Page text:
I mean, the easiest thing in life is to not put somebody like me life in reverse. Okay? If you want to put my life in reverse, when I left college I wanted to be an actor. And I wanted to be an actor so bad that I worked for $3.50 an hour. I decided I would take out trash. Okay? My other friends in college were doing other kind of jobs. They were getting their company car, they were getting their first house. I was maybe getting an interview once every two months.

But I was happy. Right? I was really, really happy. I made one decision. If I was going to take out trash, I was going to make sure that it was movie trash. So I worked at a studio. So I didn't grow up with a silver spoon. I worked on commercial fishing boats to pay for my college. I drove trucks. I framed houses. So my DNA really is I'm not a very good protest marcher. Okay? I'm not a very good person that knows how to draw attention to a problem. I have colleagues that are incredible at that, how they are able to raise awareness on issues.

I'm more of a person to kind of see the problem, kind of goes, "Well, I'm just gonna work on that. (LAUGH) I'm just going to … work on the oil thing." And just, I kinda go about it. And maybe I've been too far under the radar. But if you read that testimony, you will see that I played fair. I went to governmental-- government bodies. I went to all the initials.

CHAMPION: And you never got frustrated. To me--

COSTNER: Of course I did.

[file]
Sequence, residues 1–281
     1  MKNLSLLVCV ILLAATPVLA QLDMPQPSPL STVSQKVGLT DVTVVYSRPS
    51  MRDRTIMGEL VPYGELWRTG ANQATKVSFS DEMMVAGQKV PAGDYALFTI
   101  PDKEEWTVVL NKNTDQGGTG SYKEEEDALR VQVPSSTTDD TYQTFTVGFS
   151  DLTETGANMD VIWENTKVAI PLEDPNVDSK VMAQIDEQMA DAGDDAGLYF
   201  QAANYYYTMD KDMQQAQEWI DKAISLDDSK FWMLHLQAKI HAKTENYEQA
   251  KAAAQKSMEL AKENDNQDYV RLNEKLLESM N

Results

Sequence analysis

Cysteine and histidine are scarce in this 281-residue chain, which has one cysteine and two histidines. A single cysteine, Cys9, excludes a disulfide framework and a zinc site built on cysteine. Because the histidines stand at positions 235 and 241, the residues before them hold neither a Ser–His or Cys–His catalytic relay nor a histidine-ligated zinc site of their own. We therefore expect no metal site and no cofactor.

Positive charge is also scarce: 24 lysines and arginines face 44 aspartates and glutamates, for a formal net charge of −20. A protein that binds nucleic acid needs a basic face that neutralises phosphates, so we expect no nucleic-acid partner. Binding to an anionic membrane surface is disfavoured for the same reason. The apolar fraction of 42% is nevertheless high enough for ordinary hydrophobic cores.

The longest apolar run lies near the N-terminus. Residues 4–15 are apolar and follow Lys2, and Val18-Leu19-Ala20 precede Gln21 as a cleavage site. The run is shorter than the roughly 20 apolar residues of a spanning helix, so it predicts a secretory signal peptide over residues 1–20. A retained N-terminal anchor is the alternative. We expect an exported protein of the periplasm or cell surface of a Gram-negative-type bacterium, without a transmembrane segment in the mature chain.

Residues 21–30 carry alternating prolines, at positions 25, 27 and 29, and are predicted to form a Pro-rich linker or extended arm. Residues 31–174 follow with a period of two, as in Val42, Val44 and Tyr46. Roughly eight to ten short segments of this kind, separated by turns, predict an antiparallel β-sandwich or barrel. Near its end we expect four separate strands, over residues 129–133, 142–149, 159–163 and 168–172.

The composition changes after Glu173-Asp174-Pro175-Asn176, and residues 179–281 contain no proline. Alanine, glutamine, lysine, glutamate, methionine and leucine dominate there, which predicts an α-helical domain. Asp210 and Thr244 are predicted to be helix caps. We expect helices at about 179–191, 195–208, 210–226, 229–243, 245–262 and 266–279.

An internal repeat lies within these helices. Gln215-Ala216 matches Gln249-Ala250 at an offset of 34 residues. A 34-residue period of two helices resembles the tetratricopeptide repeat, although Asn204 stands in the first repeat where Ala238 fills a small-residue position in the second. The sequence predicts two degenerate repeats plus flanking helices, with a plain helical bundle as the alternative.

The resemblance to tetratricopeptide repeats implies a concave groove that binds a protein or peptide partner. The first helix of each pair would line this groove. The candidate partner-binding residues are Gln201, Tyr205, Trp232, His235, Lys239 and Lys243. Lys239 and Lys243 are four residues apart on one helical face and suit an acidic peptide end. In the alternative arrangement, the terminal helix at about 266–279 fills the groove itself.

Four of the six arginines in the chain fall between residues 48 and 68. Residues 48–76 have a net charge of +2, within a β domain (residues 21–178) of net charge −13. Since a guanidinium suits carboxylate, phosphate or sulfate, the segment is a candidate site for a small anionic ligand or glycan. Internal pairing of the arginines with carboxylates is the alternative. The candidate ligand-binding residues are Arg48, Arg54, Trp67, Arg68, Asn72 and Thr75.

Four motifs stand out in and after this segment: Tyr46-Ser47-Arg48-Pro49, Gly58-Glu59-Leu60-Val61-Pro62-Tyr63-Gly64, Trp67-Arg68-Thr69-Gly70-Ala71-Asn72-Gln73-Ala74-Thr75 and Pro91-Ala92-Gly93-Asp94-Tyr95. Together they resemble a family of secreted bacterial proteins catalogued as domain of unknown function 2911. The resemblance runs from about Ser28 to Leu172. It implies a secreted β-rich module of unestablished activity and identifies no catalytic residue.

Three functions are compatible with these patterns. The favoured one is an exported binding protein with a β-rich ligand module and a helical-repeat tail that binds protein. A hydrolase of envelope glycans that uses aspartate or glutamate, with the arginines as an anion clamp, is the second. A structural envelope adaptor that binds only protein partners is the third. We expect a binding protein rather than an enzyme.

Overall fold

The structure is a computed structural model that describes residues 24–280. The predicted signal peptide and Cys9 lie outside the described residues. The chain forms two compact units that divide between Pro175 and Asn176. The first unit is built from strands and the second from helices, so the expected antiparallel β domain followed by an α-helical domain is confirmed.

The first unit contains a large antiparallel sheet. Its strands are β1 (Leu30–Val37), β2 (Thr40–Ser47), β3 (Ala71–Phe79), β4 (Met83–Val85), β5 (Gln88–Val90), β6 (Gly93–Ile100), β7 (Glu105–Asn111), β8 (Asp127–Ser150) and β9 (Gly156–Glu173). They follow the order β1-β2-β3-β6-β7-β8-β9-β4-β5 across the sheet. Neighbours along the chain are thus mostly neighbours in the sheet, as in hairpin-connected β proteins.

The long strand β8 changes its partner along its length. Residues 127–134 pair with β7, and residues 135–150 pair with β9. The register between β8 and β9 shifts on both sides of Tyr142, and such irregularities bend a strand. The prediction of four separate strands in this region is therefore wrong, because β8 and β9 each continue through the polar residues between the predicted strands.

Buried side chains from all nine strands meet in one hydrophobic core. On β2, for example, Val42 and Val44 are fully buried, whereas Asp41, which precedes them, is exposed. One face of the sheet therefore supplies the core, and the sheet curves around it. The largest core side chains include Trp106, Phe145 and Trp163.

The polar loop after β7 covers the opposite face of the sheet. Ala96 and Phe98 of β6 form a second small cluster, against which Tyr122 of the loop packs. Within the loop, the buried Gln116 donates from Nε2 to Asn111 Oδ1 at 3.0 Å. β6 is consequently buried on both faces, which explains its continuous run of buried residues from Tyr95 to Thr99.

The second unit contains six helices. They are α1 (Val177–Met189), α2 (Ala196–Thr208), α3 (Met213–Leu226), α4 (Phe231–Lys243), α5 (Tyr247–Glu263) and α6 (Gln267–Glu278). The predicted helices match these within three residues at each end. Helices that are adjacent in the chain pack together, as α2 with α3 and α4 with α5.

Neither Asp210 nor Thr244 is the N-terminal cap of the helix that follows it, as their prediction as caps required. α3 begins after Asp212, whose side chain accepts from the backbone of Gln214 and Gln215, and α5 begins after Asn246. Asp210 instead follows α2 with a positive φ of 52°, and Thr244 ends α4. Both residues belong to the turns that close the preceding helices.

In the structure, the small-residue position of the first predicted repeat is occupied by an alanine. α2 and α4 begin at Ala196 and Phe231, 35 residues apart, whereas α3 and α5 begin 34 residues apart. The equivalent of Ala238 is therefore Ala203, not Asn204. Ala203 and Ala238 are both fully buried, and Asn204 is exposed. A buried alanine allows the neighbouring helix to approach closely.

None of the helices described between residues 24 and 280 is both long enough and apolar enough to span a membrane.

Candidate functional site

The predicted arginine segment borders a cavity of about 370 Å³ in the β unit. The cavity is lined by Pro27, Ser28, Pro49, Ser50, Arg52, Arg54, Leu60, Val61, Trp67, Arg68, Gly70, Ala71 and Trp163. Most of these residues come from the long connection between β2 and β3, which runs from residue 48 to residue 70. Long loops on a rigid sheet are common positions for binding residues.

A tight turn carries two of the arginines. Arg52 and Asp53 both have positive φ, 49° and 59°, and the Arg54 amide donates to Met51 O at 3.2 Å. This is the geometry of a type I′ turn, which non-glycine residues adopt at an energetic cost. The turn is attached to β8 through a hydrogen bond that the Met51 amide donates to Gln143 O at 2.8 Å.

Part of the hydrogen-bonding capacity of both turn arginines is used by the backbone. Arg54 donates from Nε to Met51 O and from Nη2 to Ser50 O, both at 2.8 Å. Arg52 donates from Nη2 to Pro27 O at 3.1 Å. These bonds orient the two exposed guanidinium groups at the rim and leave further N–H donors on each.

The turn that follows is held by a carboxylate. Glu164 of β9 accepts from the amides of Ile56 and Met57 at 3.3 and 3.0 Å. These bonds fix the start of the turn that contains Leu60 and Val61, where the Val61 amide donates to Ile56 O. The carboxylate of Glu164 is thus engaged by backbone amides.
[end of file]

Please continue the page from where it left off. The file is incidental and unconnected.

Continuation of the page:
CHAMPION: Well, I didn't see it. I mean, I don't-- and-- and I would have wanted to yell at somebody. But you were very calm and you were very intelligently laying out a simple, and kept it simple, plan. I don't know how you don't get frustrated.

But you seem to be a voice that can bring both of these sides, it seems, the government and oil-- and I'd say even three sides, and people. And everybody wants to listen to you. And-- and yet you're not blaming anyone. Do you not-- do you not blame them?

COSTNER: Oh … my-- level of my frustration is-- is very high. But you know … you know, talkin' to my dad, you know, and … about things, about how to conduct yourself, and, you know, and he said, "You know, you're going to go onto that movies and you're going to be-- you're probably going to play leading men, Kevin. You're going to -- there's a way you carry yourself. And one of the actions of being a leading man in movies is you never blame and you never explain. You just kinda-- you run into a wall, you kinda just-- you keep going'. You keep going."

And for me, this is-- it would be interesting if this circle closes in 15 years. No one would be happier that … this is a good ending. You know, I make long movies, so maybe this is (LAUGH) you know, maybe-- maybe this is a long story. But … it's important to know that … this (UNINTEL) has been there. And industry and government has known about it. All right. So what? So what?